IIn much of China, prevailing local regulations and societal mores make it nearly impossible to have a third child — or any child at all if you are unmarried or LGBT. But that will soon change for the more than 83 million people in the southwestern province of Sichuan.
The provincial health commission announced last month that from February 15 there will be no limit to the number of births a person can register, nor will there be other restrictions on who can register new births. Previously, only married couples could register up to three children. While other births might go unregistered, as many have, such children and their parents could be deprived of access to vital public resources as a result. The new policy, issued internally on December 29 and published in January, is valid for five years.
Sichuan’s rule changes are a startling reversal for a province that only began relaxing its one-child policy less than a decade ago, but it is particularly hot on the heels of China, which is experiencing its first population decline in more than 60 years years experienced. Sichuan’s political reform has been widely perceived as an initiative to boost falling fertility rates and help combat the country’s aging population.
Continue reading: China’s population is shrinking – and graying. Here’s what it means for the future
Experts have called the change a desperate move by the government. However, the easing of restrictions on new birth registration signals not only a political development but also a potential cultural one – one that may be necessary to meet the daunting demographic challenge facing China.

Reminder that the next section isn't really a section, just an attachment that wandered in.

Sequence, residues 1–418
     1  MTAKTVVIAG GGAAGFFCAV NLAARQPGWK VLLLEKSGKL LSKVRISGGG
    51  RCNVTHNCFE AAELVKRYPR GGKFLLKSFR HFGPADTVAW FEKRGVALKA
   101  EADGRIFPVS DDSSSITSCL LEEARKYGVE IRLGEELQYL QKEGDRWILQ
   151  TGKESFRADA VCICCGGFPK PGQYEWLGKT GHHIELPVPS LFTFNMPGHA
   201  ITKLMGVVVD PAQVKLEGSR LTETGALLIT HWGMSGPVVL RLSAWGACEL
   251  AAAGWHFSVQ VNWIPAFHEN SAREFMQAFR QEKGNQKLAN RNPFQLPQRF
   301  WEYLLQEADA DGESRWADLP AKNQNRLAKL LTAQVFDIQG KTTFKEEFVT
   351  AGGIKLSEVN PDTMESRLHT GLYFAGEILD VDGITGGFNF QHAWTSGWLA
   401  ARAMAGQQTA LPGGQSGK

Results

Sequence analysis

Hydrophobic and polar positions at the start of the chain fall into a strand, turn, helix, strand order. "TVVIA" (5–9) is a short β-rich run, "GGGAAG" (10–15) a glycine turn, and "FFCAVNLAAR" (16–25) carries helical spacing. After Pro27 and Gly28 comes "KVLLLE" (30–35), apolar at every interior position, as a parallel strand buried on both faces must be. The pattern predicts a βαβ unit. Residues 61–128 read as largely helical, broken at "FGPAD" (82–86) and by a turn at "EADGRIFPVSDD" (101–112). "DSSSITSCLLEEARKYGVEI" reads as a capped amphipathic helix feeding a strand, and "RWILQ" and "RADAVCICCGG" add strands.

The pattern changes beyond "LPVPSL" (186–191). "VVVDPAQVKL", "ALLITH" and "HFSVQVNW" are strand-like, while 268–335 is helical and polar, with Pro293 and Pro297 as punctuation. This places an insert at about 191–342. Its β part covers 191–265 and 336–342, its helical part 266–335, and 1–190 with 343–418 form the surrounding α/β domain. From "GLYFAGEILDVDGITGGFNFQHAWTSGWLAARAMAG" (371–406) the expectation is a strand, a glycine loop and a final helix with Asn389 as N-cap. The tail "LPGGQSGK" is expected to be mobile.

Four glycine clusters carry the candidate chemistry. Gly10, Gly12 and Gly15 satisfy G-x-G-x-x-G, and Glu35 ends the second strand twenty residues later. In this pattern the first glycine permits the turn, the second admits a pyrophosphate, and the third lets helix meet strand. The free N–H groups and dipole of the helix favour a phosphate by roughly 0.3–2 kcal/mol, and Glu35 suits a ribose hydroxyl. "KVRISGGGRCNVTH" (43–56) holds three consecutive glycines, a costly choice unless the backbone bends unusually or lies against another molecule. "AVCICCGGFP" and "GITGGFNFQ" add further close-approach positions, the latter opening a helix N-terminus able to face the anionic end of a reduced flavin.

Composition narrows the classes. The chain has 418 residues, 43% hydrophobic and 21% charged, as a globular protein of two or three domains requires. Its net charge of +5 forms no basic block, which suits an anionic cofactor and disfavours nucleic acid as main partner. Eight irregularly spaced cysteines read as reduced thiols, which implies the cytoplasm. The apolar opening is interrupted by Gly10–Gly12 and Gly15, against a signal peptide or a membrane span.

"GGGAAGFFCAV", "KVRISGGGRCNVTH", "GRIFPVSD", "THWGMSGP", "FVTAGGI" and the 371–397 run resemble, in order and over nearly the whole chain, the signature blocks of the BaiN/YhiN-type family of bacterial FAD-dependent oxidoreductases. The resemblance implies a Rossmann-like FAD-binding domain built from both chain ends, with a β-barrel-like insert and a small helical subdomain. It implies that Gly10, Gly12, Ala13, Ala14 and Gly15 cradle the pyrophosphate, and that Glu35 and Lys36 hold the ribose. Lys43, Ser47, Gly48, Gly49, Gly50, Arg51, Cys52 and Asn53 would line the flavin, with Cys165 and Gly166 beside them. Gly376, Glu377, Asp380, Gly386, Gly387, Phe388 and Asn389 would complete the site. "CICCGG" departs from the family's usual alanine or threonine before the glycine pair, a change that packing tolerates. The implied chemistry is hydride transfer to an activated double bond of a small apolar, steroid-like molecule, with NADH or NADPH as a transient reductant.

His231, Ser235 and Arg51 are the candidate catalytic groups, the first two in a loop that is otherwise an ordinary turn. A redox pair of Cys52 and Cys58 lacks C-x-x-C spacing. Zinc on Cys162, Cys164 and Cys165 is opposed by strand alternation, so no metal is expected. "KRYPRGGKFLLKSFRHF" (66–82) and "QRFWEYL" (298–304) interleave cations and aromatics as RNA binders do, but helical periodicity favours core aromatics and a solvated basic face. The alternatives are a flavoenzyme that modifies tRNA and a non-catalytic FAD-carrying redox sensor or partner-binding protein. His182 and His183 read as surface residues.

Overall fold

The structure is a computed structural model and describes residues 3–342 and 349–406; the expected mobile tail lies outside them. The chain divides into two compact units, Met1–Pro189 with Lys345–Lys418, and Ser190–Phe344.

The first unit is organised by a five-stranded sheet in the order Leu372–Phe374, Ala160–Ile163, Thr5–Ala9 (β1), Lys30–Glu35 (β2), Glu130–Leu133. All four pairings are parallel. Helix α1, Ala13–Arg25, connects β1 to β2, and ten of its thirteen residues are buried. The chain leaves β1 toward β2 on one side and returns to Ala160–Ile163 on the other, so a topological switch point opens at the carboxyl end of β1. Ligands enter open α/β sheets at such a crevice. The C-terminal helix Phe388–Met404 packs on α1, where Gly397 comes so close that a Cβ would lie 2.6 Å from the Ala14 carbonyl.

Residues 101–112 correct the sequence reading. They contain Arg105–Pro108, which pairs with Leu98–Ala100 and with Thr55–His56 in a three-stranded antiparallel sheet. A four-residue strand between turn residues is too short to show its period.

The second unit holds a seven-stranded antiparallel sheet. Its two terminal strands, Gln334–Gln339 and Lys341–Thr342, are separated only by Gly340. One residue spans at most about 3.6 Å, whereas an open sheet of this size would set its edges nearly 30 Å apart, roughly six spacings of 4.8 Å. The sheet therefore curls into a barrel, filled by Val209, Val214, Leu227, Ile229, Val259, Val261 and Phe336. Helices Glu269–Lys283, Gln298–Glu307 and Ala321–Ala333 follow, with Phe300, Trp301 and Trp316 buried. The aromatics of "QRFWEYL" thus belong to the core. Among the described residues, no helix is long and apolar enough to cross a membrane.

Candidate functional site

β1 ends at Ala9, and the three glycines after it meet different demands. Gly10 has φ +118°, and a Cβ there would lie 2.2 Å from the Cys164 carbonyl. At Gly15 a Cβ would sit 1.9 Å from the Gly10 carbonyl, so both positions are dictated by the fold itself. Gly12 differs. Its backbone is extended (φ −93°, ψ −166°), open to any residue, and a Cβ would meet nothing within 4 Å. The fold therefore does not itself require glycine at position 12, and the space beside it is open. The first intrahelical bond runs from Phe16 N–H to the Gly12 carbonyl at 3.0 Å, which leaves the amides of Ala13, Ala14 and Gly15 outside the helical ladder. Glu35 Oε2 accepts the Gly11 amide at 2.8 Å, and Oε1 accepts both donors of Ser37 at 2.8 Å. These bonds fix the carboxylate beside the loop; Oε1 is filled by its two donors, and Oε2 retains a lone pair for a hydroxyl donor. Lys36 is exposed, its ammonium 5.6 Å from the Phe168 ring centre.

“I think this shift, like in people’s minds, has been in the minds of policymakers for quite some time,” says Zheng Mu, associate professor of sociology at the National University of Singapore.
In recent years, the Chinese Communist Party and President Xi Jinping have sought to reverse decades of strenuous efforts to limit population growth as older generations become increasingly younger, threatening to hamper economies and strain social services.
In 2016, the CCP changed its national one-child policy to a two-child policy, and in 2021 it raised the limit to three. Since then, the government has offered incentives for people to have more children, including cash grants, tax breaks and low-cost child-rearing programs. However, as China remains a traditionally conservative country, these benefits were largely limited to married couples.
A woman and two children prepare to board a bullet train at Chengdu South Railway Station in Sichuan, China, 26 December 2022.
Liu Zhongjun – China News Service/VCG/Getty Images
Why is the policy change in Sichuan significant?
China’s national family planning policy does not account for single parents or same-sex parents (since marriage is defined as between a man and a woman). While neither the Population and Family Planning Act nor the Marriage Act specifically prohibit unmarried parenting — and the latter supposedly guarantees equal rights for children born out of wedlock — many local governments, which often better reflect social stigmas, have enacted stricter rules on “unplanned” parenting. Children, including those born to unmarried parents or those born in excess of the allowable limit per couple.